X
    February 12, 2016 7:31 PM
    Four billion people — or two out of every three on the planet — do not have enough water to meet their basic needs. That is far greater than previously thought, according to a new study that presents a more accurate picture of the problem. As VOA's Rosanne Skirble reports, the findings will help policymakers and the public craft solutions to address the threat.
    Video

    Video Two-thirds of World Faces Water Shortage

    Four billion people — or two out of every three on the planet — do not have enough water to meet their basic needs. That is far greater than previously thought, according to a new study that presents a more accurate picture of the problem. As VOA's Rosanne Skirble reports, the findings will help policymakers and the public craft solutions to address the threat.
    Video

    Video Gateway to Mecca: Historical Old Jeddah

    Local leader Sami Nawar's family has been in the Old City of Jeddah for hundreds of years and takes us on a tour of this ancient route to Mecca, also believed to be the final resting place of Adam's wife, Eve.
    Video

    Video New Technology Aims to Bring Election Transparency to Uganda

    A team of recent graduates from Uganda’s Makerere University has created a mobile application designed to help monitor elections and expose possible rigging. The developers say the app, called E-Poll, will make Uganda's democratic process fairer. From Kampala, VOA's Serginho Roosblad reports.
    Video

    Video As Refugees Perish, Greek Graveyards Fill

    Aid workers on the Greek island of Lesbos say they are struggling to bury the increasing number of bodies of refugees that have been recovered or washed up ashore in recent months.  The graveyards are all full, they say, yet as tens of thousands of people clamor to get out of Syria, it is clear refugees will still be coming in record numbers. For VOA, Hamada Elrasam reports from Lesbos, Greece.
    Video

    Video Russia Bristles at NATO Expansion in E. Europe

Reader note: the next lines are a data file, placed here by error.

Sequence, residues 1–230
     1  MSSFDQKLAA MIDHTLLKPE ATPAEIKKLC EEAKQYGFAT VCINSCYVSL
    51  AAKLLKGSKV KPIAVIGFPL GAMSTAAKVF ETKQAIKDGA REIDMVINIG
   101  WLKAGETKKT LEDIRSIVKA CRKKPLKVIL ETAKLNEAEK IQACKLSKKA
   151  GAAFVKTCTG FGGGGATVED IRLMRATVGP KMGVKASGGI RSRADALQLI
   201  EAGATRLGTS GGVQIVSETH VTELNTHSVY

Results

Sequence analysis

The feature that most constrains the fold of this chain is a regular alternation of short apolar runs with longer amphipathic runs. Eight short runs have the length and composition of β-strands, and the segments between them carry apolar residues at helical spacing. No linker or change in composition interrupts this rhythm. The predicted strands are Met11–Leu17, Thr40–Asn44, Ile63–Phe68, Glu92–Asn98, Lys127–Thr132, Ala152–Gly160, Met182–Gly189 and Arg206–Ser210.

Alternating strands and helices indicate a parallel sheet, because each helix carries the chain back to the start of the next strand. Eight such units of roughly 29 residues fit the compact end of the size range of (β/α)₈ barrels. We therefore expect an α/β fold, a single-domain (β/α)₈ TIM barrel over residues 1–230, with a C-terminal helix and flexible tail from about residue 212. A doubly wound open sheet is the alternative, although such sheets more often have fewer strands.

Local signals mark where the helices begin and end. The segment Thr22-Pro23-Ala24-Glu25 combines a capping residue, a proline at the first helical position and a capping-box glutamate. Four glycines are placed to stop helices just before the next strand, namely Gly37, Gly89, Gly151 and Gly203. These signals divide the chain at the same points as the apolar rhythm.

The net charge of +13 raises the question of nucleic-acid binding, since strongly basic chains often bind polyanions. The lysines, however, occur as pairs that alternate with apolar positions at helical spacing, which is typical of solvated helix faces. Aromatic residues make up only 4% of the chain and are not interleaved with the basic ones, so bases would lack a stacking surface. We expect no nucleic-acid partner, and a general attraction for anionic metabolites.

Russian Foreign Minister Sergei Lavrov is meeting Friday with the head of NATO after the Western military alliance and the United States announced plans for the biggest military build-up in Europe since the Cold War. Russia has called NATO's moves a threat to stability in Europe. But NATO says the troop rotations and equipment are aimed at reassuring allies concerned about Russia as VOA's Daniel Schearf reports from Moscow.
    Video

    Video To Fight Zika, Scientists Target Mosquitoes

    Mosquitoes strike again. The Zika virus outbreak is just the latest headline-grabbing epidemic carried by these biting pests, but researchers are fighting back with new ways to control them. VOA's Steve Baragona takes a look.
    Video

    Video Mosul Refugees Talk About Life Under IS

    A top U.S. intelligence official told Congress this week that a planned Iraqi-led operation to re-take the city of Mosul from Islamic State militants is unlikely to take place this year. IS took over the city in June 2014, and for the past year and a half, Mosul residents have been held captive under its rule. VOA's Zana Omar talked to some families who managed to escape. Bronwyn Benito narrates his report.
    Video

    Video Scientists Make Progress Toward Better Diabetes Treatment, Cure

    Scientists at two of the top U.S. universities say they have made significant advances in their quest to find a more efficient treatment for diabetes and eventually a cure. According to the International Diabetes Federation, the disease affects more than 370 million people worldwide. VOA’s George Putic reports.
    Video

    Video NATO to Target Migrant Smugglers

    NATO has announced plans to send warships to the Aegean Sea to target migrant smugglers in the alliance's most direct intervention so far since a wave of people began trying to reach European shores.
    Video

    Video Russia's Catholics, Orthodox Hopeful on Historic Pope-Patriarch Meeting

    Russia's Catholic minority has welcomed an historic first meeting Friday in Cuba between the Pope and the Patriarch of Russia's dominant Orthodox Church. The Orthodox Church split with Rome in 1054 and analysts say politics, both church and state, have been driving the relationship in the centuries since. VOA's Daniel Schearf reports from Moscow.
    Video

    Video Used Books Get a New Life on the Streets of Lagos

    Used booksellers are importing books from abroad and selling them on the streets of Africa's largest city. What‘s popular with readers may surprise you. Chris Stein reports from Lagos.
    Video

    Video After NH Primaries All Eyes on South Carolina

    After Tuesday's primary in New Hampshire, US presidential candidates swiftly turned to the next election coming up in South Carolina. The so-called “first-in-the-South” poll may help further narrow down the field of candidates. Zlatica Hoke reports.
    Video

    Video Smartphone Helps Grow Vegetables

    One day, you may be using your smartphone to grow your vegetables. A Taipei-based company has developed a farm cube — a small, enclosed ecosystem designed to grow plants indoors. The environment inside is automatically adjusted by the cube, but it can also be controlled through an app. VOA's Deborah Block has more on the gardening system.
    Video

    Video Exhibit Turns da Vinci’s Drawings Into Real Objects

    In addition to being a successful artist, Renaissance genius Leonardo da Vinci designed many practical machines, some of which are still in use today, although in different forms. But a number of his projects were never realized — until today. VOA’s George Putic reports.